I’ve previously written about Prisma, free app that lets you turn your photos into manga. When I first learned about it in the spring, I thought it could be a very attractive tool for reluctant writers to use — they could create their own web comics. TechCrunch showed an example. Recently, NPR published an update on the app.
Hstry is a new online tool for creating timelines that’s on The Best Tools For Making Online Timelines list. They’ve recently added the feature of being able to have multiple people collaborate on the same timeline, so I’m also adding it to the collaboration Best list.
eMargin is a free tool developed by Birmingham City University in the United Kingdom.
You can upload any text and have students annotate it, and the same text can be annotated by a closed group. In addition, you can “upload” a web address and annotate it, as well. The lay-out can be a bit funky with websites, but it’s still workable.
It has many projects in multiple subject areas, along with very cool online tools for students to use when doing the research. The site also has lesson plans for teachers to use when introducing students to the site.
A site like this offers real purposes for student learning. I’m amazed that I hadn’t heard of it before today when Stephen F. Knott sent the tweet about the Civil War project. Further exploration led me to all the site’s other features.
WebReel lets you create a “reel” – a slideshow – of links to web addresses. You can also write a description of each site in the presentation. It would be an easy tool to use if teachers or students were creating webquests or internet scavenger hunts, which is why I’m adding it to The Best Places To Create (And Find) Internet Scavenger Hunts & Webquests. It’s still in beta, so you need to request an invitation. However, I don’t think you’ll need to wait that long to receive one.
OpenStax provides free online textbooks and the ability for teachers to create virtual classrooms and have student annotate the text (along with other features). It’s limited to college instructors now. However, it appears they are expanding to K-12, starting with an AP pilot and you can apply to participate. I first heard about it by an announcement of research they were beginning to analyze student online highlighting of text and try to identify how to enhance that strategy for learning. I’m adding it to The Best Sites That Students Can Use Independently And Let Teachers Check On Progress.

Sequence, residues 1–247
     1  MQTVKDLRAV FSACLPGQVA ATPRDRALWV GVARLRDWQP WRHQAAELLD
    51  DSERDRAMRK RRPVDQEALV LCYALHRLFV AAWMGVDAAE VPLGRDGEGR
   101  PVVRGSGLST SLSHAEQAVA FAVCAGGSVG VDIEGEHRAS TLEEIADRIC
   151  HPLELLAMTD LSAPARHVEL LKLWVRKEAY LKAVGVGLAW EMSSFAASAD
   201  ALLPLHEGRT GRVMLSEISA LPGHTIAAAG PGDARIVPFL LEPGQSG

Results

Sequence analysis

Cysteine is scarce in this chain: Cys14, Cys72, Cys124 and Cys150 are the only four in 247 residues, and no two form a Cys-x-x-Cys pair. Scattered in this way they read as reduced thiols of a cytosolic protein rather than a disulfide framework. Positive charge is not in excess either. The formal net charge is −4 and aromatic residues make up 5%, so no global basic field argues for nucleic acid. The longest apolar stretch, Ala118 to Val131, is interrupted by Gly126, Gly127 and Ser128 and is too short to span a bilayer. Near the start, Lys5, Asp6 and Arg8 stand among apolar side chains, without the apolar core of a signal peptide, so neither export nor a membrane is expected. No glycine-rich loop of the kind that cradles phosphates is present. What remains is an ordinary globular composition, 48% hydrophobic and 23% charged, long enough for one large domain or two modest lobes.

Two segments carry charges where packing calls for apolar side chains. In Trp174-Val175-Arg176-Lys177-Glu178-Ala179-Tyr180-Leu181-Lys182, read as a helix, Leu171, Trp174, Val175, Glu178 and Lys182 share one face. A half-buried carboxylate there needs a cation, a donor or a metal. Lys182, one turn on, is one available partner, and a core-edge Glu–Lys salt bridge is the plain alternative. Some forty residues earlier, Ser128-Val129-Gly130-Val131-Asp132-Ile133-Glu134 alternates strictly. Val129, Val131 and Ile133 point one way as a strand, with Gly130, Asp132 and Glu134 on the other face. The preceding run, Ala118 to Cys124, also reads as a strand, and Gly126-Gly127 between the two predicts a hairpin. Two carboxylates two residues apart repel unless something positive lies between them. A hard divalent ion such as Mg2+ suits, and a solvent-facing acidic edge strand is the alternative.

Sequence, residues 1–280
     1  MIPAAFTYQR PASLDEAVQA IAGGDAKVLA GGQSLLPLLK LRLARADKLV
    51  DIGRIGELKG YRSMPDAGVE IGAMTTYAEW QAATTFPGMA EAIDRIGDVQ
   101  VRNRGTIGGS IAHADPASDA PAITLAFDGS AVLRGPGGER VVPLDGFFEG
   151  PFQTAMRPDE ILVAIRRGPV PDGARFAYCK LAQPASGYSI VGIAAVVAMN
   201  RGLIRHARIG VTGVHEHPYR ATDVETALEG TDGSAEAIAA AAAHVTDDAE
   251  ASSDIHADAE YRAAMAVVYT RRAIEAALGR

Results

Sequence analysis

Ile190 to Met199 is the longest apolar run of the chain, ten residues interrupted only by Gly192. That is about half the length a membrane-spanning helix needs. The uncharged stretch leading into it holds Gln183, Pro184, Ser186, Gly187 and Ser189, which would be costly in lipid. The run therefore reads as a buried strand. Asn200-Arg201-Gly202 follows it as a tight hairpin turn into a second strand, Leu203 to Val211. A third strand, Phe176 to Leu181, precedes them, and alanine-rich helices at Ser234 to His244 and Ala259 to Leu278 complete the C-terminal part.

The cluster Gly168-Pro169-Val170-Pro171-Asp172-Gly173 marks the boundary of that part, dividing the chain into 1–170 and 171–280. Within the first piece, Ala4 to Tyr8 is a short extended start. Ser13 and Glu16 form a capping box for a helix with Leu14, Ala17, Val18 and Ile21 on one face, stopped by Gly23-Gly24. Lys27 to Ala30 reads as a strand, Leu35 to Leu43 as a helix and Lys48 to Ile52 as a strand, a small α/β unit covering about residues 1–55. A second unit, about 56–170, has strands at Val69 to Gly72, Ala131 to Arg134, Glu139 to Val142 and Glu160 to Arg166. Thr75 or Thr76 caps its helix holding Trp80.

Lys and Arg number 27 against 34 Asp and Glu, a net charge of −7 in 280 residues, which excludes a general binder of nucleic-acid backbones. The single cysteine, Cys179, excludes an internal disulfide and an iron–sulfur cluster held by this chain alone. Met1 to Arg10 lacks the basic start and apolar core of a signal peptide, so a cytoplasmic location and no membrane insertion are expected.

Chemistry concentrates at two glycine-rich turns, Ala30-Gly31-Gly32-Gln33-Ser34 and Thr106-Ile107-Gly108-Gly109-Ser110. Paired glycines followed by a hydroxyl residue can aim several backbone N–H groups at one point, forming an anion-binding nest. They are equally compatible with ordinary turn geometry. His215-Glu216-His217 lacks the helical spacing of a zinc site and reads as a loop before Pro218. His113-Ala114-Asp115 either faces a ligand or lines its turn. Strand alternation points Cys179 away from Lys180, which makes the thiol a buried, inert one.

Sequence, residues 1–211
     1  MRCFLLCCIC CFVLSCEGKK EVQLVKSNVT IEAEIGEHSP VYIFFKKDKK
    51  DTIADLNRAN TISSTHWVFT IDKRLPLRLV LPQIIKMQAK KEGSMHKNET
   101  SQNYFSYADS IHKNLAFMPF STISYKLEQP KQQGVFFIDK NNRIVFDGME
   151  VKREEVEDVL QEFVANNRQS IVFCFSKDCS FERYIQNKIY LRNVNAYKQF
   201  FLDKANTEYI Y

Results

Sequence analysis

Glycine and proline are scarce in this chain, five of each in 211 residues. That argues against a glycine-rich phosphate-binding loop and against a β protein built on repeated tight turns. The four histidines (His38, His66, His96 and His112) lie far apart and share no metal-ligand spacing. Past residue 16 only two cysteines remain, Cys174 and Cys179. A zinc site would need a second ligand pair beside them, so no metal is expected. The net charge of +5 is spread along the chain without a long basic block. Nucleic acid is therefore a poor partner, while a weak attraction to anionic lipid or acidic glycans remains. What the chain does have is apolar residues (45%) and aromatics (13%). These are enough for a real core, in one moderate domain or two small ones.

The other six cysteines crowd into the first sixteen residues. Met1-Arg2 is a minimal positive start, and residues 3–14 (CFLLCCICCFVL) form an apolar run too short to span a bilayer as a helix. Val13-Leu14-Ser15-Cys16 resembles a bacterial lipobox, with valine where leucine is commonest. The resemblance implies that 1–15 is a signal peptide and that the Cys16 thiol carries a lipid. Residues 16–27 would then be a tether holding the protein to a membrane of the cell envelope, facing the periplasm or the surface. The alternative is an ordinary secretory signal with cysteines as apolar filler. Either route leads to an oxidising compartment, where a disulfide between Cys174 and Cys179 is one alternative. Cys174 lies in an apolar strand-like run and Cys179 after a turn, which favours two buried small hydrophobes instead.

Map Channels lets you create animated driving directions of Google Street View that you can embed. I’m not sure how generally useful it will be, but this feature will be helpful in my favorite lesson of each year – A Lesson Highlighting Community Assets — Not Deficits. In that lesson, students compare our local school neighborhood with the wealthiest community in Sacramento. Often, we can visit both neighborhoods on field trips. Some years, however, we “visit” the wealthier one via Street View, and a tool like this makes it easier. Thanks to Google Maps Mania for the tip.
It’s very simple – students read a book of their choice, call a number and leave a message telling a short story how it impacted their life. The site’s creator then picks three of these stories each week to (literally) type them out and publish a video with the typing coordinated with the voice message.
Here are a couple of examples:
All the voice messages seem to be embedded on the site, too, and visitors can vote on which ones they think the site should turn into videos.
It’s a pretty neat idea, and I especially like that the voice messages are embedded. That way, even if a video is not made with them, students can still see that their message is posted.
Even if you don’t have students call the number, though, the videos can be used as good models. Students can easily create their own versions of these kinds of “book trailers” by a website like Little Bird Tales or the KnowMe phone app.